[/quote]

There's a reason why I said don't punch me :)

Jesuits have "Ignatius Associates", but no secular order. The "Spirituality of Geography" you and I talked about before applies; if you're called to a secular order, then only secular orders that logistically make sense will suffice. A Lay Association does not logistically work, thus can be ruled out of your discernment process.


#7

[quote="triumphguy, post:4, topic:266499"]
Franciscans.

There's two moments in the Franciscan life: Mount Alverna (contemplation) and the Town Square (preaching the Gospel).

[/quote]

Do you know if that is the case with the SFO?


#8

[quote="TrueLight, post:5, topic:266499"]
Is it true that the Jesuits do not have a lay order?

[/quote]

The Jesuits do not have a lay/third/secular order of any kind. I asked more than once during my initial discernment. The closest thing is the Ignatian Associates. However, the IA does do things with the SJ on a regular basis, depending on if you are close to them or not.

ignatianassociates.org/


#9

Do you know if that is the case with the SFO?

Yes - it's the same spirituality, and historically some who follow the "Third Order" themselves began to live in community similar the First Order (being known as Third Order Regulars). By which I mean there's plenty of scope within the Third Order Rule.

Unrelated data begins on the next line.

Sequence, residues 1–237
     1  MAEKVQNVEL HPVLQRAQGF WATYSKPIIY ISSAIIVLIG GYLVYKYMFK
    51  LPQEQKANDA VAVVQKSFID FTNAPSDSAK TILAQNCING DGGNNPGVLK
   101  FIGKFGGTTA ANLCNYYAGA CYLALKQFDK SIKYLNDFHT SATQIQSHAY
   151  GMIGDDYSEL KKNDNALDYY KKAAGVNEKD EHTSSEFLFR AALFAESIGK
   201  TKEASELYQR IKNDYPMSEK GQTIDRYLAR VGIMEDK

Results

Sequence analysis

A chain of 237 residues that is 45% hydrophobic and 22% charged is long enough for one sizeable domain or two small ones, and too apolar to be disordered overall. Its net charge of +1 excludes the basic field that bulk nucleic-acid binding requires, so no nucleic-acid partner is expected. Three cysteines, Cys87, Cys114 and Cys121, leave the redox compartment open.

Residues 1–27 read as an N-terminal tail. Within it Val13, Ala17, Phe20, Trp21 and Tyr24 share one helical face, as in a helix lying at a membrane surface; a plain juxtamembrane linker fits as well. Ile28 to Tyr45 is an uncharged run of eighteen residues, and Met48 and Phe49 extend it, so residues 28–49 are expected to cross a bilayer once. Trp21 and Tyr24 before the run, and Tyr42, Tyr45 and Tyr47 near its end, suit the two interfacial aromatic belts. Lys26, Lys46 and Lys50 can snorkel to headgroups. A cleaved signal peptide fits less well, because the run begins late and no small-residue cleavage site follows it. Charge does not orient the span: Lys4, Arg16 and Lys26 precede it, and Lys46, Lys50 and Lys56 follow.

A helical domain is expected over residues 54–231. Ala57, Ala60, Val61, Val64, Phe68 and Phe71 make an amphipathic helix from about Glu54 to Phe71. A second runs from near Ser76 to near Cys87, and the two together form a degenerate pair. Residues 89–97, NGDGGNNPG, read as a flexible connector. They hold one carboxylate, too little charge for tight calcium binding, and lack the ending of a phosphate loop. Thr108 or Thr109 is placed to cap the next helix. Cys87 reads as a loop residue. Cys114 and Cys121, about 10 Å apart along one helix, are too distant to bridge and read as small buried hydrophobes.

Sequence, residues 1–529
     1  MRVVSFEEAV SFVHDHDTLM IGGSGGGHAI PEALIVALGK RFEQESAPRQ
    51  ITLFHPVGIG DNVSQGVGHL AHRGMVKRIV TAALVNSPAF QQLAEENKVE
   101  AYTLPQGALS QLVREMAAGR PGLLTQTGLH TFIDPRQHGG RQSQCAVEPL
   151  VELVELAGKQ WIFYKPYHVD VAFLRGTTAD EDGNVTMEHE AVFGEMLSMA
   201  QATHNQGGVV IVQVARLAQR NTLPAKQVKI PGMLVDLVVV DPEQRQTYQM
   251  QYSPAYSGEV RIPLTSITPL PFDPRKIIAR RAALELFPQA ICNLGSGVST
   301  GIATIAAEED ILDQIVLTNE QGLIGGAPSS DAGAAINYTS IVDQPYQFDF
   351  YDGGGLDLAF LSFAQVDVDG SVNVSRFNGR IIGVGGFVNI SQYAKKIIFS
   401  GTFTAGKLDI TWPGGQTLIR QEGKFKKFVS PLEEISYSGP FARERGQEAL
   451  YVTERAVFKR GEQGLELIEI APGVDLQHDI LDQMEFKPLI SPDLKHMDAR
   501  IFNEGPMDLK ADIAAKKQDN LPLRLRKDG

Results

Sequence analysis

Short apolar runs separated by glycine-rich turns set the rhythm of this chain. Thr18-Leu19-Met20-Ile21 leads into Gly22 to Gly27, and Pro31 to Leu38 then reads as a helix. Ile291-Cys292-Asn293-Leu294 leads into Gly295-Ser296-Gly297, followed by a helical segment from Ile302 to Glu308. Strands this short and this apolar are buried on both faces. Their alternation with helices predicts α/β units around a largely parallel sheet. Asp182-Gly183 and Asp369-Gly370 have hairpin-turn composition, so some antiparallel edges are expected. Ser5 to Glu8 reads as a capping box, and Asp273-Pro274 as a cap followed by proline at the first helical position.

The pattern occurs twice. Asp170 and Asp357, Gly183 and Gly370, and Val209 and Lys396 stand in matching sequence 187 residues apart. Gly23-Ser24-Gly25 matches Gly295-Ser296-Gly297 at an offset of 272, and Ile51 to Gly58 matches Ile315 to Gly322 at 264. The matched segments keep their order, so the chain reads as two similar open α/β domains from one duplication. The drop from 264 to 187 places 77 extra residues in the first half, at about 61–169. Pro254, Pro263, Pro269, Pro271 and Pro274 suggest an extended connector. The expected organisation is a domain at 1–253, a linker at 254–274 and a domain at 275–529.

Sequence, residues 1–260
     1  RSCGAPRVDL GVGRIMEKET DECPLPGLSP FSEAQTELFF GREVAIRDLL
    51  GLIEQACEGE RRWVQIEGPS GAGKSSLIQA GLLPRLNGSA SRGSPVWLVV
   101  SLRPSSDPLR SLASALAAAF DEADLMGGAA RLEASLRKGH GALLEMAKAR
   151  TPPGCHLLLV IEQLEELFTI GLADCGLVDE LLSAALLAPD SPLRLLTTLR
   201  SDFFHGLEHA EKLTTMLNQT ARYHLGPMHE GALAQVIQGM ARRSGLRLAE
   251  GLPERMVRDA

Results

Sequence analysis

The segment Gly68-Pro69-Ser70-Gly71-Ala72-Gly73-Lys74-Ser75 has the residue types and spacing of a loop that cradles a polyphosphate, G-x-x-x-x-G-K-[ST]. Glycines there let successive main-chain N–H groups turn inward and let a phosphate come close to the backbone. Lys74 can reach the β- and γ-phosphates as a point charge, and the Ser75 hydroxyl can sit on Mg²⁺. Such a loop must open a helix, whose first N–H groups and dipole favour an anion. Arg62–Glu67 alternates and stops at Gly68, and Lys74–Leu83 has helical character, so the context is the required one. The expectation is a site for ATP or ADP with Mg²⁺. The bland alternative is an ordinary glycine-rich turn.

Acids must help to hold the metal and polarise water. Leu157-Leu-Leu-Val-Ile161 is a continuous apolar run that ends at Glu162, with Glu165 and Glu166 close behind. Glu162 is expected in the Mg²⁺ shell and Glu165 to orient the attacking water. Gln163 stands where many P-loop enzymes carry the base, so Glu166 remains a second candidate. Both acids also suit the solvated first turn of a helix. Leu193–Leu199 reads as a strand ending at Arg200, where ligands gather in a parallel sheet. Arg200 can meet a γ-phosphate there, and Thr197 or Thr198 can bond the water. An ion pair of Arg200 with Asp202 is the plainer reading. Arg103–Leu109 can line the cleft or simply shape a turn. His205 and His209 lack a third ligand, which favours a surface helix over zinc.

#10

The Little Brothers of St. Francis do much of what you're looking for. A significant part of their day is spent in community and contemplative prayer, but each day though go out into the streets and minister to the poor, spreading the hope of the Gospel to them. Around Boston they've got a very good reputation.


#11

One of the mottoes of the Dominican Order is:

"Contemplate, and give to others the fruit of your contemplation"

To pray and then go out and preach is the essence of the Dominican charism.


#12

[quote="triumphguy, post:4, topic:266499"]
Franciscans.

There's two moments in the Franciscan life: Mount Alverna (contemplation) and the Town Square (preaching the Gospel).

[/quote]

Perfect.

And the story of St. Francis sending a messenger to ask St. Clair and Brother Silvester (IIRC) which he should do: be active or contemplative. They both answered both.


#13

[quote="Melchior, post:2, topic:266499"]
Don't punch me for saying this....if you're going to liken it to an army, look no further than the order founded by St. Ignatius of Loyola. The Society of Jesus. They pray, learn, and are big on discernment.